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In Test cricket, Sir Donald Bradman is the undisputed king. However, the advent of first 50-over and now Twenty20 (T20) cricket has complicated the debate about the greatest batsman of all time.

In One Day International (ODI) cricket, Sachin Tendulkar is arguably the most complete batsman across the eras. If 99.94 (Bradman’s average) is the most revered number in Test cricket, then Tendulkar’s phenomenal achievements in ODIs—the first player to score a double century, most 100s, most 50s, most Man of the Match awards, to name just a few—are looked upon with as much awe.

Now, Virat Kohli is doing for T20 what Bradman did for Tests and Tendulkar for ODIs.

In a format where consistency is a strange concept, Kohli has played countless match-winning innings, the latest being his majestic, unbeaten 82 against Australia in Mohali that sent India through to the semi-finals of the 2016 World T20.

That innings reminded Shane Warne of his “buddy Tendulkar’s many special innings".

Another former Australian captain, Ian Chappell—not known to flirt with hyperbole—went a step further and declared that among modern players, Kohli is even better than Brian Lara, who he always thought was the best placer of the ball.

“Comparisons with all-time greats are odious yet inevitable. Even though I don’t want to compare Tendulkar with Kohli, for there is still a question of longevity, I have never seen anyone in my life who has improved his game so astonishingly in a couple of years," says former India captain K. Srikkanth.

“I don’t want to comment on the bowling attack of Bradman’s era and fielding standards, but Tendulkar’s genius lay in conquering the best and versatile bowlers in different conditions all over the world repeatedly, and that is something Kohli should aspire to do," adds Srikkanth, who was the chief selector when Kohli was picked for India for the first time. Srikkanth was also the India captain when Tendulkar made his Test debut.

Bradman only had to play Tests. Tendulkar did not play many T20s. But Kohli has proved his worth in all three formats of the game.

Let’s forget Bradman for a moment and concentrate only on the modern greats and their ODI records. Kohli has played 171 ODIs so far: How does he compare with some of the greatest ODI players in history when they had played the same number of games? (see table)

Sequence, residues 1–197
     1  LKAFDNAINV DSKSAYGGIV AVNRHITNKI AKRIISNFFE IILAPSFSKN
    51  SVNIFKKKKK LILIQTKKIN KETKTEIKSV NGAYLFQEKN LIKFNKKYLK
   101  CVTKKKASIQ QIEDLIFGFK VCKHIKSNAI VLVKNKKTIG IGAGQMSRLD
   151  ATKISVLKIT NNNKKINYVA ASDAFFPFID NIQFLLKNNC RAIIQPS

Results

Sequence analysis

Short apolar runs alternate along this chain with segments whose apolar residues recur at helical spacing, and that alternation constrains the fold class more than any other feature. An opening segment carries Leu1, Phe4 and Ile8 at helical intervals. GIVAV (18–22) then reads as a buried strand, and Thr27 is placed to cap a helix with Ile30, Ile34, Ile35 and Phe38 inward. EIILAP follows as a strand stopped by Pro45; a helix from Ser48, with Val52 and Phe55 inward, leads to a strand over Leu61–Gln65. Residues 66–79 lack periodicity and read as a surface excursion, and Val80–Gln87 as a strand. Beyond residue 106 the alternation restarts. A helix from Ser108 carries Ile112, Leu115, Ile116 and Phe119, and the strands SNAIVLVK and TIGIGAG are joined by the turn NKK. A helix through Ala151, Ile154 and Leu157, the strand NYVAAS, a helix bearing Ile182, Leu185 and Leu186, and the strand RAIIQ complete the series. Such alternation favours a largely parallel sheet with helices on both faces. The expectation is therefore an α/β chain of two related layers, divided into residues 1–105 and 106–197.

Kohli’s numbers are better than those of Tendulkar, Lara and Ricky Ponting in terms of runs, average, strike rate and number of centuries (see box). In short, he is ahead of them in every aspect.

Let’s look at Tests now (see table). Kohli, who has played 41 Tests so far, trails Lara and Tendulkar when they were at the same stage. Nonetheless, Kohli is comparable to these greats and he can take inspiration from Ponting, who had an average similar to Kohli’s after 41 Tests, but improved greatly thereafter.

“I have seen both Tendulkar and Kohli in their teens," says former India opener Lalchand Rajput—Tendulkar made his first-class debut under him, and he was coach of the India Under-19 team that Kohli led. “Tendulkar was always a prodigy, but I saw a similar spark in Kohli. Not too many people believed me at that point in time. I remember Sanjay Manjrekar making fun of me when I told him almost a decade back that a Delhi boy is as good as Sachin."

In the late 1990s and early 2000s, Tendulkar used to carry the burden of expectations for India and coped with it gracefully and successfully. In this World T20, Kohli is probably feeling what Tendulkar must have felt often while taking guard: Here’s a team in need of rescuing, and I have to do it.

In this tournament, so far, Kohli alone has scored more runs than Rohit Sharma, Shikhar Dhawan, Suresh Raina and Yuvraj Singh combined. Can he single-handedly win the tournament for India now?

In the 1996 and 2003 World Cups, Tendulkar was the highest scorer of the tournament and played some of his most memorable ODI innings. Yet, he failed to win the coveted trophy on his own. Similarly, Kohli was one of the most successful batsmen in the 2012 World T20 and was in a destructive mood in the 2014 edition—in six matches, he scored 319 runs at an average of 106.33 and a strike rate of 129.14, with four half-centuries. Yet he could not prevent India’s loss in the finals.

Tendulkar’s unwavering determination finally ended in a World Cup trophy in 2011. Will this be Kohli’s tournament?

Vimal Kumar is the author of Sachin: Cricketer Of The Century and The Cricket Fanatic’s Essential Guide.

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